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Survey Uncovers Student Tattoos
There is a growing trend of tattoos among college students. Tattoos adorn students' shoulders, backs, arms, legs, feet, and even toes. Some students' tattoos tell stories of spiritual journeys, some honor family members that have passed on, and some tattoos are simply decorative. Almost all are personal statements.
The popularity of tattoos among all age groups is growing, as documented by a 2006 Journal of the American Academy of Dermatology study and a 2007 Pew Research Center survey. Both studies produced similar results. The Pew research shows that 36 percent of those ages 18 to 25, and 40 percent of those ages 26 to 40, have at least one tattoo. In July 2002, "tattoos" reached its highest ranking ever, coming in as the number two most requested search term on the internet.
So how does UMD rank in the statistics? There is a slightly lower number of tattooed UMD students than in the general public. Students working in the UMD Department of University Relations recently conducted a survey of college students and their ink. (See video below left.) Of the 201 people surveyed, almost all current students, 26 percent said that they had at least one tattoo. The surveys were passed out in classes, in student lounges, and in dining centers. Because of the small sample and the methodology, the survey is for illustrative purposes only.
A Harris online poll reported that Democrats are more likely to have tattoos (18 percent) compared to Republicans (14 percent) and Independents (12 percent). UMD students tattoo statistics don't correspond closely to this finding. Of the 52 students who had tattoos, 52 percent were Democrats, 19 percent Republicans, and 10 percent Independents.
UMD also was not in line with the Harris poll in the area of gender. In the Harris poll, nearly equal percentages of males (16%) and females (15%) have tattoos. In the UMD survey, females with tattoos (40 or 35% of the females surveyed, 20% of all surveyed) outnumber males (12 or 14% of the males surveyed, 6% of all surveyed) and females (15%) have tattoos.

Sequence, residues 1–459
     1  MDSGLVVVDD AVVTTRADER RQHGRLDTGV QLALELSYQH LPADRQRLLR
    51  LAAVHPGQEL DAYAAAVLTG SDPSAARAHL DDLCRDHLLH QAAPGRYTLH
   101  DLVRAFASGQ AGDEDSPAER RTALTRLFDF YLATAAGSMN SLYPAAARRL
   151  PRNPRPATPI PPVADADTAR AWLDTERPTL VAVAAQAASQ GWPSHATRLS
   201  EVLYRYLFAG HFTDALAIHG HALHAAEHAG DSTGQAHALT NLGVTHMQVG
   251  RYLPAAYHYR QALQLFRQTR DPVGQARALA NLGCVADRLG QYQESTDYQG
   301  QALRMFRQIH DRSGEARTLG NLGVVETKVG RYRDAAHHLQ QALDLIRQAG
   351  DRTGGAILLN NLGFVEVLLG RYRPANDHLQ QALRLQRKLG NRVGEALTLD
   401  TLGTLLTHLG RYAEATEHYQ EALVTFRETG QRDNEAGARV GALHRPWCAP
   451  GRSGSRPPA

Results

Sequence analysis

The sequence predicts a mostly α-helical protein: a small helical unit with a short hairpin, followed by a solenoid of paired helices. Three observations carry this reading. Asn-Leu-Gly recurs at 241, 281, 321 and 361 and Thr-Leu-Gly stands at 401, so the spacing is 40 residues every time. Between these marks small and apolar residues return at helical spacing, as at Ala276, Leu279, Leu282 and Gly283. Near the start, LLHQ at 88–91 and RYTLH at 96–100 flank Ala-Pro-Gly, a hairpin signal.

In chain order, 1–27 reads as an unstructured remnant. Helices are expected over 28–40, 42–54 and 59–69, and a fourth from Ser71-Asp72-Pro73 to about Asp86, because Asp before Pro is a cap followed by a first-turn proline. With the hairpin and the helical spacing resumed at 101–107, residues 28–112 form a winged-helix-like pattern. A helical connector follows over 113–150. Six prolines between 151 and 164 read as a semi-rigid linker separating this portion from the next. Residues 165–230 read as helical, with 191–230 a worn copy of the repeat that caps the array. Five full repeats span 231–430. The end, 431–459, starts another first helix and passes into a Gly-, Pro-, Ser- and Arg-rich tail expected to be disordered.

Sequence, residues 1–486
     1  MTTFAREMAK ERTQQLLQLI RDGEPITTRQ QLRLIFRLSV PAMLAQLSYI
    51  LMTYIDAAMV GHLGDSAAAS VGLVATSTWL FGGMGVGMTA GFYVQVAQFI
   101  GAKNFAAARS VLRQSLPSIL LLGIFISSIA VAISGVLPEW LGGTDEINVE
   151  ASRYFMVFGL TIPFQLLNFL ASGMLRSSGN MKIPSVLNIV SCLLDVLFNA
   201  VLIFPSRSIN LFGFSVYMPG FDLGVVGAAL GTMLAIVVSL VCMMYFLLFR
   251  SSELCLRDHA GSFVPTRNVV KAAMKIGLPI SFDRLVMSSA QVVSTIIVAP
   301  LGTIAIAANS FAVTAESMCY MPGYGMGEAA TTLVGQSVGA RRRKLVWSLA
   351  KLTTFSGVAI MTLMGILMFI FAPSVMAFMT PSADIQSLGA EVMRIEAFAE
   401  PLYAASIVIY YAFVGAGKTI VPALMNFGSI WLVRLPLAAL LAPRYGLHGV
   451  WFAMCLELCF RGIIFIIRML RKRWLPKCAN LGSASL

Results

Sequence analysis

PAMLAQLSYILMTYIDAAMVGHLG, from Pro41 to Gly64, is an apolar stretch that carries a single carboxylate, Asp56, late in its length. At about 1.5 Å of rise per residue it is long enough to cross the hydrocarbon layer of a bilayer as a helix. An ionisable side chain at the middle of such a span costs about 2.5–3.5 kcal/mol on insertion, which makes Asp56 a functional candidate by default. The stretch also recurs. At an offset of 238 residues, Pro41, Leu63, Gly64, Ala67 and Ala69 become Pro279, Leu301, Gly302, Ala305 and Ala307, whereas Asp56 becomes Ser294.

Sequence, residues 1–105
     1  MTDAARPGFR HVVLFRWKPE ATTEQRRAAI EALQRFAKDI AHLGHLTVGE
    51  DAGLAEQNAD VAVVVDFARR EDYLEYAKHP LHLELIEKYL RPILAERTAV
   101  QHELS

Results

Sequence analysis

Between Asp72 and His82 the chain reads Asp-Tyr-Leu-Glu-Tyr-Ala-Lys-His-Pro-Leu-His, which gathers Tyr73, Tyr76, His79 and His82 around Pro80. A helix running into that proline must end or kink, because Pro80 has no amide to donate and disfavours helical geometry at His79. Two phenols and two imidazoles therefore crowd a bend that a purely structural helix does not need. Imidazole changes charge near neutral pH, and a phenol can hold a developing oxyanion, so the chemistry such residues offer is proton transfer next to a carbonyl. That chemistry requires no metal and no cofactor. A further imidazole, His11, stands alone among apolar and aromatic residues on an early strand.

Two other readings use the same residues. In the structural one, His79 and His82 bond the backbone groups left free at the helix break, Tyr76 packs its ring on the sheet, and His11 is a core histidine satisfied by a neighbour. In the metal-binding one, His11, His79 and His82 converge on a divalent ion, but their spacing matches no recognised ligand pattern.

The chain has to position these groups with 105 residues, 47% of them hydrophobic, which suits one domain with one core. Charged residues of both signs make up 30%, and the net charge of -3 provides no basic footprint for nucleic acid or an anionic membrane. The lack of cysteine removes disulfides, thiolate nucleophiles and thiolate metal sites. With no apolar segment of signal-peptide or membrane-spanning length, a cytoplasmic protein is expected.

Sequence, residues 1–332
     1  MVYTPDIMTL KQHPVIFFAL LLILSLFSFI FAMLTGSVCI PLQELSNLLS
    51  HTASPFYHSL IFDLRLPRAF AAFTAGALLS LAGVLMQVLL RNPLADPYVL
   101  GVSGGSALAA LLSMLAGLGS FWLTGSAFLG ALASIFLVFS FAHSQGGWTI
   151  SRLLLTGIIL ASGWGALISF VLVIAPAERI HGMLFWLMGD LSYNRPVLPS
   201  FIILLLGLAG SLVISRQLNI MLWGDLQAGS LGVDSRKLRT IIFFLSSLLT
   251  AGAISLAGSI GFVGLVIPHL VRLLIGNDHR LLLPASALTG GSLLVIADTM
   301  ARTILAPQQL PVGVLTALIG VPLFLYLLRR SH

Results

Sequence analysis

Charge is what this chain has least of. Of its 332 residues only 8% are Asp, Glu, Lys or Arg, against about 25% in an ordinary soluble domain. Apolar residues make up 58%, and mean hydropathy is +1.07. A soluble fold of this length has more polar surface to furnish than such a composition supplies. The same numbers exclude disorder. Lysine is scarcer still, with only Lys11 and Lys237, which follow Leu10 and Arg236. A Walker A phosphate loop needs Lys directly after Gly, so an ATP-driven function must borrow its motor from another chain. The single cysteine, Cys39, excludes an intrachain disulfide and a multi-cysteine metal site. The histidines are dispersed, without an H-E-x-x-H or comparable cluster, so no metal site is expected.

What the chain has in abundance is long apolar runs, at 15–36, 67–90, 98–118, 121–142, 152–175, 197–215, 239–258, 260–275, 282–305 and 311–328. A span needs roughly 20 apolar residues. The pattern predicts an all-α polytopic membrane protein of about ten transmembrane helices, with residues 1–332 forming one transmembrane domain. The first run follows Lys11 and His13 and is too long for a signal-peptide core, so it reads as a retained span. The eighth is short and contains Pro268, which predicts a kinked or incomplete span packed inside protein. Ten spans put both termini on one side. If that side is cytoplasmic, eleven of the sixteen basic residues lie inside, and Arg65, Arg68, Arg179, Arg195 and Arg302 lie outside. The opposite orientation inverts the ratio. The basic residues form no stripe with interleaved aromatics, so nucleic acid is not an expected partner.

Tattoos can be a sign of beauty or they can be used as a statement of rebellion, to become empowered, to remember something or someone, and to feel included. According to an article by Cate Lineberry in Smithsonian.com, January 01, 2007, humans have been tattoed for thousands of years. "These permanent designs—sometimes plain, sometimes elaborate, always personal—have served as amulets, status symbols, declarations of love, signs of religious beliefs, adornments and even forms of punishment," she said.
UMD student Josh Schultz, who has had 22 hours of tattoo work done, says he feels empowered by his tattoo and getting tattoos is an important ritual. "Getting my tattoo was almost like going through a rite of passage," he said. "I've gotten work done almost everywhere I've traveled: Texas, New York, San Diego, Afghanistan, and New Zealand."
Schultz's tattoos are inspired by the work of spiritual and visual specialist artist Alex Grey. "I really love art, and Alex Grey's work represents a spiritual energy, an energy not seen by the naked eye," Schultz explained.
Schultz feels that his tattoo is different because it is a freestyle tattoo, "The first artist drew lines on my arm with a Sharpie and then filled in the details that she saw in her mind." Freestyling is when an artist picks a simple design and then enhances the tattoo without following a preset pattern.
Sophomore and Exercise Science major Shelly Stemper said she got her tattoo as a way to bond with her older brother. "He's nine years older than me," she said. "Before I started school at UMD, I went to visit him in Arizona for two weeks. On the spur of the moment, we decided to get tattoos together." Stemper looked for a tattoo that would be meaningful. "Once, on a family trip to Denali National Park in Alaska, we saw wolves and wolf pups. I chose the wolf paws because I have always loved wolves, and it reminds me of that family trip."
Most UMD students accept and even embrace the art of tattooing. According to the survey, only 11 of the 201 surveyed were opposed to tattoos (6 female, 5 male). Tattoos are certain to be part of our culture for years to come, and due to the human desire to express oneself, tattoos promise to grow in diversity.
UMD Survey Results
113 WERE FEMALES:
88 WERE MALES:
Written by UMD students Alicia Stockard, Katie Appel, and Donna O'Neill.
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